Combined strategies help patients with adverse heparin reaction before heart surgery
New evidence suggests that therapeutic plasma exchange and appropriate blood testing could help patients who are in urgent need of heart surgery, but have a history of an adverse reaction to the blood thinner heparin, according to a study, published online today in Blood, the Journal of the American Society of Hematology (ASH).
Many patients who take blood thinners will eventually require some form of heart surgery, which requires the administration of large quantities of heparin to prevent clots. Some patients who have taken heparin develop what is known as heparin-induced thrombocytopenia (HIT), in which they develop antibodies against the heparin, activating platelets and paradoxically forming clots.
When patients with a history of HIT require urgent heart surgery, physicians must test for the presence of HIT antibodies to determine whether the patient can be re-exposed to heparin during the procedure. While HIT antibodies generally dissipate naturally, they can sometimes remain at high levels, requiring physicians to take measures to lower them for patients who urgently require heart surgery. To lower HIT antibodies in these patients, a procedure has been advocated called therapeutic plasma exchange (TPE), in which blood is taken from the patient, plasma is removed, and blood and replacement fluids are reinfused into the patient.
Hematologists use two types of tests to measure HIT antibodies and to determine patient readiness for heparin re-exposure during surgery. These include a functional platelet serotonin-release assay and a highly sensitive enzyme-immunoassay. While the functional assay measures release of serotonin, a direct marker of platelet activation, the immunoassay casts a wider net, detecting both clinically significant and insignificant levels of HIT antibodies. If the more widely used immunoassay indicates presence of HIT antibodies in a patient, surgery is usually delayed or plasma exchange must be performed.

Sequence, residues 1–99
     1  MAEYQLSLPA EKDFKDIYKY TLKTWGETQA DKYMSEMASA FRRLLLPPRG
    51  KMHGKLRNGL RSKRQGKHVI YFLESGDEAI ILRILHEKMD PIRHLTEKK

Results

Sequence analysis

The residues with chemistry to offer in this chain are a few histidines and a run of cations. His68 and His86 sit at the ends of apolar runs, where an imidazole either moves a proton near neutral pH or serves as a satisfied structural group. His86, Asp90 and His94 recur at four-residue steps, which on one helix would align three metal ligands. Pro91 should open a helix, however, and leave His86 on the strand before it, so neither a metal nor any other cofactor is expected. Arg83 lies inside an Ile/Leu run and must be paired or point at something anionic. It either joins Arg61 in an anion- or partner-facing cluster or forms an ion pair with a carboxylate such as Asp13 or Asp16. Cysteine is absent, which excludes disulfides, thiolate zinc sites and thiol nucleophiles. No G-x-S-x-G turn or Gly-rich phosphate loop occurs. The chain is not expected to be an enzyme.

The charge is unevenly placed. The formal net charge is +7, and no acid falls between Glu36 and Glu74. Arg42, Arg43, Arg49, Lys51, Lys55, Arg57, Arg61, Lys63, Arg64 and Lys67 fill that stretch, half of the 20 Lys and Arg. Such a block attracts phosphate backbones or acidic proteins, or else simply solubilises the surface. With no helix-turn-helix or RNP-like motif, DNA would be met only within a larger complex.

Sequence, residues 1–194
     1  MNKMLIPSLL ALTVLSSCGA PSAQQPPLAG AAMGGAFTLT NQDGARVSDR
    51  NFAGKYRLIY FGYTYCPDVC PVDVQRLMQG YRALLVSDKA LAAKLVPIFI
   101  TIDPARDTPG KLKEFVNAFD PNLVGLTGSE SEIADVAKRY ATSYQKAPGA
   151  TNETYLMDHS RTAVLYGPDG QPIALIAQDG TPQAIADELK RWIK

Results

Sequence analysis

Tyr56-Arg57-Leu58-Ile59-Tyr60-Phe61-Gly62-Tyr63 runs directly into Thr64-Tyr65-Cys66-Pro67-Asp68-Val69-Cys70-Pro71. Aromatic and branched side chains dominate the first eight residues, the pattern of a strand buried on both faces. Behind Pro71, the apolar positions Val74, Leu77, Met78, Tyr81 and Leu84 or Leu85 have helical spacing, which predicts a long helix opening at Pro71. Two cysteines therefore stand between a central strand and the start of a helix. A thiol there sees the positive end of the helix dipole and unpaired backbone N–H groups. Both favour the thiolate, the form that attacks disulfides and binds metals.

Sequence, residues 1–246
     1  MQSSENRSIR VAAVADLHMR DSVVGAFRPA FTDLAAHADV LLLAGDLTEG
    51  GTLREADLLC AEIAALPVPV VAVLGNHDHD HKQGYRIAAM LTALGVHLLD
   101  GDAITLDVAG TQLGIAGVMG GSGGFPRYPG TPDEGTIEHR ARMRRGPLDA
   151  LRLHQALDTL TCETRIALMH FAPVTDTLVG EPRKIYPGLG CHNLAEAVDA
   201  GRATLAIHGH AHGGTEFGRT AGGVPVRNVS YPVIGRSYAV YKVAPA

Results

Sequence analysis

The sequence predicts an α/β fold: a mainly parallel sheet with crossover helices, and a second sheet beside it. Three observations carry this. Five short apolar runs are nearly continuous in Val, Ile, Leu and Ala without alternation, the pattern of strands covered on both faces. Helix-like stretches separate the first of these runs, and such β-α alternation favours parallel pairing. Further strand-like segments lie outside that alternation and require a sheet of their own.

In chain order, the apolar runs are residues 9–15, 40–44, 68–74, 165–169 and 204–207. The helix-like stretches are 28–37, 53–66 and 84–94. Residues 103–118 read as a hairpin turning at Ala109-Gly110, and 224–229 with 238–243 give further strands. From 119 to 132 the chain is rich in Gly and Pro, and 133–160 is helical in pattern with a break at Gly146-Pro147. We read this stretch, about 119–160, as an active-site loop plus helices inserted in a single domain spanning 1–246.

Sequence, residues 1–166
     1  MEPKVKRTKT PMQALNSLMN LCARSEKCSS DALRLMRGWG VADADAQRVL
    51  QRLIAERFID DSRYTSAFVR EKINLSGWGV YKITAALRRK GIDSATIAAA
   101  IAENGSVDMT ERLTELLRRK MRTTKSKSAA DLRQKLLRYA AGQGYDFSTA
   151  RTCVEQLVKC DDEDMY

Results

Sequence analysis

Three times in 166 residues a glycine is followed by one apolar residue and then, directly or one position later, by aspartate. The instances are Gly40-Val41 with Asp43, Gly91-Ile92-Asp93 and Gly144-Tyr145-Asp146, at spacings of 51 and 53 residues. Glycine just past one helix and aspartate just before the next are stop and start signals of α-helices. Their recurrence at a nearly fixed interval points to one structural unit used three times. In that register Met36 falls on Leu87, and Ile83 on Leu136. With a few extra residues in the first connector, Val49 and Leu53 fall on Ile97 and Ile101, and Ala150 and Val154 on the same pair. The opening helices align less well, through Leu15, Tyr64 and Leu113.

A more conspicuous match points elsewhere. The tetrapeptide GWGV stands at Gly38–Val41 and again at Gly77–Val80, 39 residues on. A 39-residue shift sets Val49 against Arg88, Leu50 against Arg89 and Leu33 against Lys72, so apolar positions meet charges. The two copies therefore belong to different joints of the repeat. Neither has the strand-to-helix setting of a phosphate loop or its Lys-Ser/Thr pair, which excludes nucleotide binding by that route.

While practitioners have historically understood the two assays to provide similar conclusions, new evidence suggests that the functional assay may characterize HIT antibody levels as relatively low while an immunoassay result could indicate the opposite. This evidence is summarized in a new case report in which a 76-year-old female with kidney cancer and previous HIT required urgent cardiac surgery to remove a tumor that had spread to her heart. After both her initial functional and immunoassays indicated the presence of HIT antibodies, her doctors deemed her ineligible for surgery. But after repeated TPE, the research team performed both the functional and immunoassays on the patient again and this time observed strikingly different results.
"We were surprised to see that levels of HIT antibodies in this patient fell very quickly according to the functional assay, yet the antibodies detected by the immunoassay remained high," said lead study author Theodore Warkentin, MD, of McMaster University in Canada. "This suggested to us that while physicians in many situations may be waiting for the immunoassay to indicate lower antibody levels, patients in urgent need of heart surgery may be ready much earlier than the results suggest."
To better understand the dissociation observed between results of the two tests, Dr. Warkentin's team developed a model comparing functional and immunoassay results among 15 HIT blood samples, which were sequentially diluted and tested with both assays to mimic the effects of repeated TPE. The researchers observed that HIT antibody levels as measured by the functional assay decreased rather quickly, while the immunoassay continued to indicate high levels.
This evaluation suggests that the sensitivity of the immunoassay may provide an overly conservative estimate of HIT antibody levels in patients and their clinical relevance. The analysis illustrates how quickly platelet-activating properties can decline in a patient, either naturally or by using TPE. The observations also support the use of repeated TPE as a therapeutic strategy prior to planned heparin re-exposure among patients with a recent HIT episode who require urgent cardiac surgery.
"Based on these findings, physicians should consider utilizing both of these tests when preparing a patient with a history of HIT for urgent heart surgery, considering the functional assay result as the stronger indicator of a patient's readiness," said Dr. Warkentin. "For these patients, TPE can be a useful option to help rapidly reduce their remaining HIT antibody levels, minimize their risk of developing clots, and get them into the operating room sooner."